It is easy to mistake Cape Town for an European city, but this South African city is definitely worth a visit if you have a chance to travel there.
Both the New York Times and the Daily Telegraph named Cape Town as the best tourist destination in the world in 2014.
Although the last time my wife and I were there was back in 2007, memories of the place still linger on.
We were based in Maputo in Mozambique. Because we had booked accommodation either at Kruger Park or Swaziland, I had developed friendship with a tour consultant, Carien Du Plessis.
Carien and her family live in Cape Town. They were probably of Dutch descent, and they spoke Afrikaans, a Dutch dialect in South Africa up to the early 20th century before it became the official language of South Africa.
When we told her that we wanted to visit Cape Town on our trip home to Malaysia, she helped us to book the hotels, and on arrival from Maputo, she and her husband were kind enough to drive us up from the hotel to their home, some 40km away.
After an evening of BBQ, they sent us back to the hotel.
This kind of hospitality was hardly an exception, we encountered it everywhere in Cape Town, which made our visit very memorable. Over dinner, she advised us on how to get around on the Hop On Hop Off buses.
There are two routes – the Red and the Blue routes, which bring us to different tourist locations in Cape Town. We did not have to worry about security or the hassle of driving around in Cape Town on our own.
After the first day on the Red Route, we decided we would also go on the Blue Route.
The highlight of the visit was the Table Mountain. All around town as you drive, you can see the mountain with a flat top, resembling a table.
However, the mountain got its name from Table Bay in Cape Town.
Cape Town is what it is today as the result of the hard work put in by the Dutch East India Company. You can see a lot of old buildings built by the Dutch that date back to the 17th century.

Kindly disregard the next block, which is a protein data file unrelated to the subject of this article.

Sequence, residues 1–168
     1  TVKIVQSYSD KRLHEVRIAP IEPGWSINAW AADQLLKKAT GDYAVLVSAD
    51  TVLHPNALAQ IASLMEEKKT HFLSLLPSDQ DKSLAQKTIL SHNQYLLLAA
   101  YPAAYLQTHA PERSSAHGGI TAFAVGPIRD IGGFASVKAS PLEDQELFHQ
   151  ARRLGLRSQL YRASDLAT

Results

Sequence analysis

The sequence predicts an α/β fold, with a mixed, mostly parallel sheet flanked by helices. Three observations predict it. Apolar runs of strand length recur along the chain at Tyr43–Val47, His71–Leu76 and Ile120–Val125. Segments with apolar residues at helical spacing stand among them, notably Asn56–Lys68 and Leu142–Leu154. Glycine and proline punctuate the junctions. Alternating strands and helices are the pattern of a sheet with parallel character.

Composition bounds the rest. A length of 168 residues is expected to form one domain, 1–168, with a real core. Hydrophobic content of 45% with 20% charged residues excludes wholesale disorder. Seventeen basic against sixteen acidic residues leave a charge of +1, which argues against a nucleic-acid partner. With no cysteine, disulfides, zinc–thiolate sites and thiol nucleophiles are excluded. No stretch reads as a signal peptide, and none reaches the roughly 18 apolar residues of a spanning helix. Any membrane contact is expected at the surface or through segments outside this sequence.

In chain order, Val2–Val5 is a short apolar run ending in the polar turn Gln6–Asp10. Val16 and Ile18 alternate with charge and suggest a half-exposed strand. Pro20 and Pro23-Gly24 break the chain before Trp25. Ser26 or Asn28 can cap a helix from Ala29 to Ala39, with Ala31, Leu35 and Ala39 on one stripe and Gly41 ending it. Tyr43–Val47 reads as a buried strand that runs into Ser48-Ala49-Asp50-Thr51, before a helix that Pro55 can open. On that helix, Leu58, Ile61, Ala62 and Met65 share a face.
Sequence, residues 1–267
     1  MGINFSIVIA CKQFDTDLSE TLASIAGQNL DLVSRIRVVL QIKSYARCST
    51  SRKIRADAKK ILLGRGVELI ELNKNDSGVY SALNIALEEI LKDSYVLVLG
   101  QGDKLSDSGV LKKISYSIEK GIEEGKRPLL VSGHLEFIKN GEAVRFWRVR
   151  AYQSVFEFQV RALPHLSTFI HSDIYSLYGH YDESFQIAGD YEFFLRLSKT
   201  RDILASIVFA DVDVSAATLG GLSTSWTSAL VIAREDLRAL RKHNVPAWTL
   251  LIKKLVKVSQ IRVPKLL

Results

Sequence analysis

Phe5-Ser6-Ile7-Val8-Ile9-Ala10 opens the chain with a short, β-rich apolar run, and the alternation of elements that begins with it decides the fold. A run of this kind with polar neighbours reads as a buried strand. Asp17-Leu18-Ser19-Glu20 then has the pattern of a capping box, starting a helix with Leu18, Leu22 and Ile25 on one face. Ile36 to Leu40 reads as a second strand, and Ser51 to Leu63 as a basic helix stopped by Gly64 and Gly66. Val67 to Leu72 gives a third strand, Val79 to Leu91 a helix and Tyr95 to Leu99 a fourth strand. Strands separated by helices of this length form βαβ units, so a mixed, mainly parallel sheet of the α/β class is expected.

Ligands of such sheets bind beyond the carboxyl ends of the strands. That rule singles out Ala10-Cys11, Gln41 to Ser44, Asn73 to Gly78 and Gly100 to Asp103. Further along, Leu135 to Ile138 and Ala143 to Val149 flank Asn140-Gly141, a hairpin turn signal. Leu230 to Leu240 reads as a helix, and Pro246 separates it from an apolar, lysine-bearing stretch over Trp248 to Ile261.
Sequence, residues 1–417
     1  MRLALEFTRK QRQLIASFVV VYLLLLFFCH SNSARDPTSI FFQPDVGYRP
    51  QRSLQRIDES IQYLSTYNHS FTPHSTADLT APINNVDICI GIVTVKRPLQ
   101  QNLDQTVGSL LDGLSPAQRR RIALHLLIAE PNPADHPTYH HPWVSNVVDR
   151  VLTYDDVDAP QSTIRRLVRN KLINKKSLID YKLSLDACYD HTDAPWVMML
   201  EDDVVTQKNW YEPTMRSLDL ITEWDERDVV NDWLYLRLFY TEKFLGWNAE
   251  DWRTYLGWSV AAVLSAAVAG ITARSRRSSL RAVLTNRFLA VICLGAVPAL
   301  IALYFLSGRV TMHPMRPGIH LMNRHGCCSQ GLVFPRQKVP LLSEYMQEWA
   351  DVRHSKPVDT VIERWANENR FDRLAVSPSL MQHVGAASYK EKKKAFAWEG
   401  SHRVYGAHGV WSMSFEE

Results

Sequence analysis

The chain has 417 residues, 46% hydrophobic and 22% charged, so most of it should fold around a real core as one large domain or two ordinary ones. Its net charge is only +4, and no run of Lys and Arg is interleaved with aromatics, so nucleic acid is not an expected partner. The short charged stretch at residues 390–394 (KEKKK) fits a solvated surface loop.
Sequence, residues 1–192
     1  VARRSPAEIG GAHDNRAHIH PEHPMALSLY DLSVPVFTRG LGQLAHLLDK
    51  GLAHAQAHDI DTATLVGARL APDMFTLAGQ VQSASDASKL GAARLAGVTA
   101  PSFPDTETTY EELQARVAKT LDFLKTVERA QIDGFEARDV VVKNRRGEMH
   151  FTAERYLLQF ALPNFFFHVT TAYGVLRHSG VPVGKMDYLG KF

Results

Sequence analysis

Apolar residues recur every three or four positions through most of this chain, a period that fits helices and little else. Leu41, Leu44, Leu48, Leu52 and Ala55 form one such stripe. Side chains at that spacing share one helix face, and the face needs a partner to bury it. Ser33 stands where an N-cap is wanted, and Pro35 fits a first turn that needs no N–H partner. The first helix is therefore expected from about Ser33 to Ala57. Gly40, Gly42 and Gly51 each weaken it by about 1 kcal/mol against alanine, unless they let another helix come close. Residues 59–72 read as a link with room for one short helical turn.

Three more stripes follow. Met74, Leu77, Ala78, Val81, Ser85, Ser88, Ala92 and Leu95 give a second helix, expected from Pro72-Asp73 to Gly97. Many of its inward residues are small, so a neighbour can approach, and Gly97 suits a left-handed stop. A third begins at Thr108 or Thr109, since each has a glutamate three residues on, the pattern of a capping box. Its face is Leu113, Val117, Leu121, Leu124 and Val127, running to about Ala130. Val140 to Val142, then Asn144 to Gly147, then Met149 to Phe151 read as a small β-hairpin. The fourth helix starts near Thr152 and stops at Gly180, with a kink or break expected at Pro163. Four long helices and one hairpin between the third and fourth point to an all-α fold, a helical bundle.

In 2014, the city bagged the World Design Capital awarded by the International Council of Societies of Industrial Design. For that reason, it is worth a visit especially for those who are architecturally inclined.
Table Bay, on which Cape Town is located is, in fact, the oldest developed area in South Africa, owing to one Jan van Riebeeck who had founded this European settlement in 1652. He is the equivalent of Sir Francis Light in Penang.
Cape Town was the largest city in South Africa until the Witwatersrand Gold Rush and the development of Johannesburg as the capital of South Africa.
To get the scenic view of Cape Town, it is worth a ride on the Table Mountain Cableway up to the top. Although it is only a flat area, the experience of being just on top of the world overlooking this beautiful city was just mesmerising.
There are some who may prefer to on a 4-hour hike up the Table Mountain.
It was here that we met a gentleman who claimed that he was a Cape Malay. When we told him that we were from Malaysia, he shared with us that his ancestors had been brought here by the Dutch as slaves centuries ago. However, he no longer speaks a word of Malay.
The other place worth visiting especially for those who love all kinds of flowers is the Kirstenbosch Botanical Gardens, which is a legacy left behind by Dutch since 1913 to conserve the extraordinarily rich and diverse flora of southern Africa.
Over here, be prepared to spend an entire day just to enjoy the different kinds of flowers and the walk as the garden alone covers an area approximately 36 hectares.
Our next recommendation is to spend an afternoon at the Mariner’s Wharf. Because Cape Town is a port city, the Mariner’s Wharf represents the life of the people here. Unlike our Pulau Ketam or Kuala Sepetang, the Mariner’s Wharf is a like one of the European wharfs with luxurious yachts and fishing boats.
Before planning a trip to Cape Town, it is best to check out the latest tourist attractions here.
It may be worth the trip if you want to check out the same species of penguins that swim across thousands of kilometres to the Philip Island in Australia, but since we had already been to Melbourne, we skipped this portion.
Alternatively, you can spend at least two nights in Kruger Park on the eastern side of South Africa.
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